Metrorrhagia can be defined as 'off schedule' bleeding. The bleeding, usually of normal or slight amount, occurs at either irregular or regular intervals outside of the normal menstrual flow. Metrorrhagia is one of many conditions sometimes caused by hormone irregularities, which can be labeled by the more general term, Dysfunction Uterine Bleeding – DUB.
A cycle of 22 to 35 days can be considered of normal length. Irregularity is any deviation of more than seven days from your normal pattern of bleeding. Occasional irregularity of menses are very common and pregnancy is the most frequent cause of a late period. Irregular menstrual bleeding occurs most often in adolescents and in women approaching menopause.
Anovulatory or estrogen breakthrough bleeding is caused by the production of estrogen without normal surges of luteinizing hormone (LH) and secretion of progesterone from the corpus luteum. This may occur in high or low estrogen states and is the cause of most of the DUB; it occurs at the extremes of the reproductive cycle. Midcycle spotting is caused by a decrease in estrogen at midcycle following ovulation. A luteal phase defect is associated with premenstrual spotting or polymenorrhea. A prolonged luteal phase is caused by extended corpus luteal activity and prolonged progesterone production leading to prolonged cycles or long episodes of menstrual bleeding.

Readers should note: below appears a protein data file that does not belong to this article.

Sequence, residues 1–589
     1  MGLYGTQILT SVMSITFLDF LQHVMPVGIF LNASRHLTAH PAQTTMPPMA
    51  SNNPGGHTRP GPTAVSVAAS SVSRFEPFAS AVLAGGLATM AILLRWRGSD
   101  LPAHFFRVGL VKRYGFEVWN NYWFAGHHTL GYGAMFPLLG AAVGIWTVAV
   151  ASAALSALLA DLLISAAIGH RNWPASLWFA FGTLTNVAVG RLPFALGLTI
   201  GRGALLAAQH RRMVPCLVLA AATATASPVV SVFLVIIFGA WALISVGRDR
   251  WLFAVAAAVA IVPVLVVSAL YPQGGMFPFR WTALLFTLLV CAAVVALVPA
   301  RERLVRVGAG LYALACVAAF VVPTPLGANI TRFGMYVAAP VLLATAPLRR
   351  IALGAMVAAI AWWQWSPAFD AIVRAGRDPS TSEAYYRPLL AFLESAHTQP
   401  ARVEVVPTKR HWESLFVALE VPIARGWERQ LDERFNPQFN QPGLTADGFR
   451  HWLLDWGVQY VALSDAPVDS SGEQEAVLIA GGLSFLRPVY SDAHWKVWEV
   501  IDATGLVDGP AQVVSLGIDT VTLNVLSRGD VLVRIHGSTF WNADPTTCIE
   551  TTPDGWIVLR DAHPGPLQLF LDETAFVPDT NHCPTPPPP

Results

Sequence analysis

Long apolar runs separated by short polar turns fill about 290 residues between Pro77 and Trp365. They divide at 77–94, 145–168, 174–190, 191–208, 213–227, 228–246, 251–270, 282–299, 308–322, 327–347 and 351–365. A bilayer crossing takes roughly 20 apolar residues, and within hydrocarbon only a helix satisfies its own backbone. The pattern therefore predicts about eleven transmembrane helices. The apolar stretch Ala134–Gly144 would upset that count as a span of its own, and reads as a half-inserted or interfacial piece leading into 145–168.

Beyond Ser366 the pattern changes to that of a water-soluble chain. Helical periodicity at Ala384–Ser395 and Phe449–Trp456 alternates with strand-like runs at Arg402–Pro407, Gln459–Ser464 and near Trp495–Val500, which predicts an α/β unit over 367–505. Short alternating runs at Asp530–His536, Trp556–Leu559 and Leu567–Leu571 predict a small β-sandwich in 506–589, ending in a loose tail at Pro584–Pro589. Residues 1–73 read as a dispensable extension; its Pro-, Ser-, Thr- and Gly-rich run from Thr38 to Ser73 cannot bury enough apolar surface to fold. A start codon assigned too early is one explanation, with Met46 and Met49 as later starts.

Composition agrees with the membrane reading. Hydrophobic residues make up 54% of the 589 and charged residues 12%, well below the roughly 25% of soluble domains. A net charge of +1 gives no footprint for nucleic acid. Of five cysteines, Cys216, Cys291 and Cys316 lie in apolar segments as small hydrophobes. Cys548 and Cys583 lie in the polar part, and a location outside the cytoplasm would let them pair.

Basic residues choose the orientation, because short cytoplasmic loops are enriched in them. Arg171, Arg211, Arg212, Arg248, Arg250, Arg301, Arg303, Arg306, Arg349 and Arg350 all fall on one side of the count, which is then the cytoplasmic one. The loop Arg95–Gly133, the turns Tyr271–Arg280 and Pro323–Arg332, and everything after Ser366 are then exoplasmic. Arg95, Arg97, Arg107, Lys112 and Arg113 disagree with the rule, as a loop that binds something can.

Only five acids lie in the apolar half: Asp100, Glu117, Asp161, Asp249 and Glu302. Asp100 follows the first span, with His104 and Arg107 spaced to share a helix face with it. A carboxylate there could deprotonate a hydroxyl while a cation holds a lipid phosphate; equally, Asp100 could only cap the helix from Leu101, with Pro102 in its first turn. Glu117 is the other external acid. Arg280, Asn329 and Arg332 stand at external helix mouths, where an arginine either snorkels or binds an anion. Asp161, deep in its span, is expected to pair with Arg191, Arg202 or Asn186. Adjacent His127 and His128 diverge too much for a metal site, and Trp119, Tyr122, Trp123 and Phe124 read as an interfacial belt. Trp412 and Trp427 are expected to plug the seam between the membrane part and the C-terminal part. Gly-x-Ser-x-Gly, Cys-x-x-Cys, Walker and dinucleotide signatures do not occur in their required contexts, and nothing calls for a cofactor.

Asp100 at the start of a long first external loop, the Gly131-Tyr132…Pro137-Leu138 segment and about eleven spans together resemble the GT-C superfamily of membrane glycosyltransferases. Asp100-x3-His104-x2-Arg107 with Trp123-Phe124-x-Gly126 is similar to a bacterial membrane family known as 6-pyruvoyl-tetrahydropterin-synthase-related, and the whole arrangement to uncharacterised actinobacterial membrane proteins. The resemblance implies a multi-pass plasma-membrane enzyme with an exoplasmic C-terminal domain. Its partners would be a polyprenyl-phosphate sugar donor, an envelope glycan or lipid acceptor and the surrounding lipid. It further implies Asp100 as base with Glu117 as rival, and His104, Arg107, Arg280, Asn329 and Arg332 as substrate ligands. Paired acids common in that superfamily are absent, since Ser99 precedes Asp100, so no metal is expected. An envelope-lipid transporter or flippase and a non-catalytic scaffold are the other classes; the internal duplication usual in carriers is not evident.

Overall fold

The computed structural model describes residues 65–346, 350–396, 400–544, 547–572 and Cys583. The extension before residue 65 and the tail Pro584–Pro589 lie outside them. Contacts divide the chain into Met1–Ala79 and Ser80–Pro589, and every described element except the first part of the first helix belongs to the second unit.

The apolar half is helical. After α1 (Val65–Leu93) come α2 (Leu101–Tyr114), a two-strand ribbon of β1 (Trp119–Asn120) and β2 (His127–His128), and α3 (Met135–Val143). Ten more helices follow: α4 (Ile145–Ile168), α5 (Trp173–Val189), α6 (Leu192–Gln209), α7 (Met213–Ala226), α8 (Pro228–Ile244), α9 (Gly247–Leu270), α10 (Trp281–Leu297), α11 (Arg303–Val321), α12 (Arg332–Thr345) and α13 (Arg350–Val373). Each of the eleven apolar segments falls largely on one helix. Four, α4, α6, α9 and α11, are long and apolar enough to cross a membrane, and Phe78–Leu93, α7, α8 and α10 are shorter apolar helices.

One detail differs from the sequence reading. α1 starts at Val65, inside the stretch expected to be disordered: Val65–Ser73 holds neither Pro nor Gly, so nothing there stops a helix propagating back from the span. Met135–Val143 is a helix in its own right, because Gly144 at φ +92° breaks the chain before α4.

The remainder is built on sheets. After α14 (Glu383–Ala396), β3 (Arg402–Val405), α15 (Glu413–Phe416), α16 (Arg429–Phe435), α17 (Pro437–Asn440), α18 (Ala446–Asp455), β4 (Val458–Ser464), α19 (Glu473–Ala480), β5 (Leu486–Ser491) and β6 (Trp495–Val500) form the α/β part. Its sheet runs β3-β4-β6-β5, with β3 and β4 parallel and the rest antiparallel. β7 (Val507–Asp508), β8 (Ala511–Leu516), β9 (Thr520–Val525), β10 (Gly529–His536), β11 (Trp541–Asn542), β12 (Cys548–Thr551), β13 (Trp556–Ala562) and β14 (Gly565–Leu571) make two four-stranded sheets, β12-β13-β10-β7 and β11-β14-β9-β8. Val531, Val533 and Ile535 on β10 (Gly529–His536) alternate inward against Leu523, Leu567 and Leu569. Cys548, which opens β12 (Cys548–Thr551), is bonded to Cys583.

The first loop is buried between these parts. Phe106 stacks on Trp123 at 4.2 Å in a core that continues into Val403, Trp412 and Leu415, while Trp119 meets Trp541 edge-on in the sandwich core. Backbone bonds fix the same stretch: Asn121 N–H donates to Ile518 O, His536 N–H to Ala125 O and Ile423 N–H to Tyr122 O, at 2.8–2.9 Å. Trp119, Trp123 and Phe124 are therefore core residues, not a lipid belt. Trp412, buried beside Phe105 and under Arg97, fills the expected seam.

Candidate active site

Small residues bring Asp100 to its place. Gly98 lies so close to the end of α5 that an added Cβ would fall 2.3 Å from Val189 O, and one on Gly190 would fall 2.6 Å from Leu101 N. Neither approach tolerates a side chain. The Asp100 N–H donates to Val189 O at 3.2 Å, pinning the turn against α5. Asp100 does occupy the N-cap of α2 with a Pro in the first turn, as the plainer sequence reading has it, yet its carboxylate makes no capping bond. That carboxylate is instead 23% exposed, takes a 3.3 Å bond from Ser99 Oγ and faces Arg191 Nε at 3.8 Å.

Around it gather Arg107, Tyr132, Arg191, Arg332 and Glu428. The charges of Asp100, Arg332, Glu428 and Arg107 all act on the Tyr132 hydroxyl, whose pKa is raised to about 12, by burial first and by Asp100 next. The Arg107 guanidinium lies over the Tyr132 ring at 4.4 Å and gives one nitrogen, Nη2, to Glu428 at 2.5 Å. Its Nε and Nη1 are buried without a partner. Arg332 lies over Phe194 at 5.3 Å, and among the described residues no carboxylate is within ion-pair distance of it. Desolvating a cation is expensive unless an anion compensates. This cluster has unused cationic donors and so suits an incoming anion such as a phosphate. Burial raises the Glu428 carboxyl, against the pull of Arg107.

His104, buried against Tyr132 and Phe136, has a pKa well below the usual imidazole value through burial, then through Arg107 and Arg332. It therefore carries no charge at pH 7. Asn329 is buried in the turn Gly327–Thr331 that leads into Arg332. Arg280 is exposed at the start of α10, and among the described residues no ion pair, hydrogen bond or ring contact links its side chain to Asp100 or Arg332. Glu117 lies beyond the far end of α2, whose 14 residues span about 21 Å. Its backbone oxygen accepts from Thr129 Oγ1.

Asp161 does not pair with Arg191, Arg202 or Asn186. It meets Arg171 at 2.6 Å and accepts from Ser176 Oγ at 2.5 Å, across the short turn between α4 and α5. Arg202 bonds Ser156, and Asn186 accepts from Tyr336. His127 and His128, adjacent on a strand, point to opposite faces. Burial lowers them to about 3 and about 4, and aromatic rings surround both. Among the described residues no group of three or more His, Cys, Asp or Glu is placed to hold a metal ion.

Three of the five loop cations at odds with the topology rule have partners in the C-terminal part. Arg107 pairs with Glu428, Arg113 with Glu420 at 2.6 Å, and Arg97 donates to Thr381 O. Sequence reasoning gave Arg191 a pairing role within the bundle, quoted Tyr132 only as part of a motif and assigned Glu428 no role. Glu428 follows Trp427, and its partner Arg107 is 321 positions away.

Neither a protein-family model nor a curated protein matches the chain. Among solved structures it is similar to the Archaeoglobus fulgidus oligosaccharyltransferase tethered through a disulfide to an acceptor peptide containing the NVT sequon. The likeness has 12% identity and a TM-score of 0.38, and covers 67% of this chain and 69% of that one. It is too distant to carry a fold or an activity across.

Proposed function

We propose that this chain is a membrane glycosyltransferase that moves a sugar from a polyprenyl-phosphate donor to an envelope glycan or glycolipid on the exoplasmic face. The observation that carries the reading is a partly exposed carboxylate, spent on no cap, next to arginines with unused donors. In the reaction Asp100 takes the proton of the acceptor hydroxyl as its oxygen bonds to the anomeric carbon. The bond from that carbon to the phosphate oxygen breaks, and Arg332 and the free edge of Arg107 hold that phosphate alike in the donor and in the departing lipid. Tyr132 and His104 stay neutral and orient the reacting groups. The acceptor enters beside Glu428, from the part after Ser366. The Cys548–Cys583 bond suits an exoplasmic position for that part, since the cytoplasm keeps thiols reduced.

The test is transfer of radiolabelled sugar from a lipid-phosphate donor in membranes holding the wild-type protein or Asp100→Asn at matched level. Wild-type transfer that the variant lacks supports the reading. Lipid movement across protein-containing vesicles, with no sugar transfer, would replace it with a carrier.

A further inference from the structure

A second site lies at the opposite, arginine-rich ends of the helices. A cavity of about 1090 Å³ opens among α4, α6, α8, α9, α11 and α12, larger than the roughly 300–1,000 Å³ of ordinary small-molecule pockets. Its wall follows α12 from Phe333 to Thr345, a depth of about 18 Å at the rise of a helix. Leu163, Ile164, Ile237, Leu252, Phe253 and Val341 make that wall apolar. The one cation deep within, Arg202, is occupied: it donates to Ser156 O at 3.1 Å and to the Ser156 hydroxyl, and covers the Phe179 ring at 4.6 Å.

It can be caused by a hormonal imbalance (hyperthyroidism or hypothyroidism); pregnancy disorder; cervical lesions; medications (birth control pills, corticosteroids, hypothalamic depressants, anticholinergics, anticoagulants); uterine fibroids; functional ovarian cysts; polyps; carcinoma of the vagina, cervix, endometrium or ovary; renal or liver disease; coagulation disorders; anabolic steroid use; IUDs or other trauma.
Dysfunctional uterine bleeding is a diagnosis of exclusion.
Prolonged and/or heavy periods are a sign of hypothyroidism.
Ovarian cysts may cause a variety of menstrual abnormalities, including Metrorrhagia, depending on the hormone produced by the cyst. Metrorrhagia can also be a result of an ovarian cyst being unusually large, blocking the blood supply or rupturing.
The most common sign of endometrial cancer is unusual bleeding from the vagina, especially bleeding that occurs after passing through menopause.
Vitex acts on the pituitary gland in the brain to adjust levels of LH (luteinizing hormone) and FSH (follicle stimulating hormone). Vitex indirectly promotes progesterone in cases of excess estrogen. Overall, it helps to restore normal rhythm to the reproductive hormones.
Stoneseed (Lithosperma ruderale) and gromwell (L. officinale) have a progesterone-like effect that helps balance excess estrogen. Both species of lithosperma may act directly on the hypothalamus to improve hormonal regulation and promote a regular cycle.
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